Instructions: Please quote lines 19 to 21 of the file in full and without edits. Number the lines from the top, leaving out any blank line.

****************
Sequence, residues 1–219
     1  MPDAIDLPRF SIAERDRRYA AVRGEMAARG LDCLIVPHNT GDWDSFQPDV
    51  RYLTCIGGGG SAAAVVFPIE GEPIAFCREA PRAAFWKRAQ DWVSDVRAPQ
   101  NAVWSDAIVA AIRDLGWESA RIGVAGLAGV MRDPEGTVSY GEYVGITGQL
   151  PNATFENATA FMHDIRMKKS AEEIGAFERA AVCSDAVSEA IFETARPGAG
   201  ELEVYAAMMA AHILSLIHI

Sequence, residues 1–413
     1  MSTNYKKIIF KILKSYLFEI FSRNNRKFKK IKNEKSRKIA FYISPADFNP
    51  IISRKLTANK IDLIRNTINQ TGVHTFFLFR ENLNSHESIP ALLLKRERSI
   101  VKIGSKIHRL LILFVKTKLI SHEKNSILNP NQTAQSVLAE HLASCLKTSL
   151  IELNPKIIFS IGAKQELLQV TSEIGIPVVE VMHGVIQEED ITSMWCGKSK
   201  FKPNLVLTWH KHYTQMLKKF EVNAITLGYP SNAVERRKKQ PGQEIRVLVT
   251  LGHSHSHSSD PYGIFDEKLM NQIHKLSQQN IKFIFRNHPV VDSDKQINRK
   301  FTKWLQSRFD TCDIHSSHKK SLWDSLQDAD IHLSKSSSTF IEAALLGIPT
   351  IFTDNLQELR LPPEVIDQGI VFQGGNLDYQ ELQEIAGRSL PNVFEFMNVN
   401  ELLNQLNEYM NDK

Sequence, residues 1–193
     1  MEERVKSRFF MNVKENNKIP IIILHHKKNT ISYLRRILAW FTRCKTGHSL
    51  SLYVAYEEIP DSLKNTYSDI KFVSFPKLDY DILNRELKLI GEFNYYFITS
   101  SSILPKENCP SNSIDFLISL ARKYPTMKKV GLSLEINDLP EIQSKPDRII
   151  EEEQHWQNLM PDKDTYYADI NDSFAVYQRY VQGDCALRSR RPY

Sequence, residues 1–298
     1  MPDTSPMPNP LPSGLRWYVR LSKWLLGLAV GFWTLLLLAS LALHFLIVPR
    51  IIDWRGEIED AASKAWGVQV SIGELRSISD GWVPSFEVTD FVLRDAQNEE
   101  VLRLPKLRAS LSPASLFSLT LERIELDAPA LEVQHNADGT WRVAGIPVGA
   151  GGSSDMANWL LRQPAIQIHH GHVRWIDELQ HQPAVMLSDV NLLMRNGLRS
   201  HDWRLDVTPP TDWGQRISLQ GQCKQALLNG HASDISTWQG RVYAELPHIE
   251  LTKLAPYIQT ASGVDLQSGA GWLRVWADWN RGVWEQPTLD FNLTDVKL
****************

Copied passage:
    51  SLYVAYEEIP DSLKNTYSDI KFVSFPKLDY DILNRELKLI GEFNYYFITS
   101  SSILPKENCP SNSIDFLISL ARKYPTMKKV GLSLEINDLP EIQSKPDRII
   151  EEEQHWQNLM PDKDTYYADI NDSFAVYQRY VQGDCALRSR RPY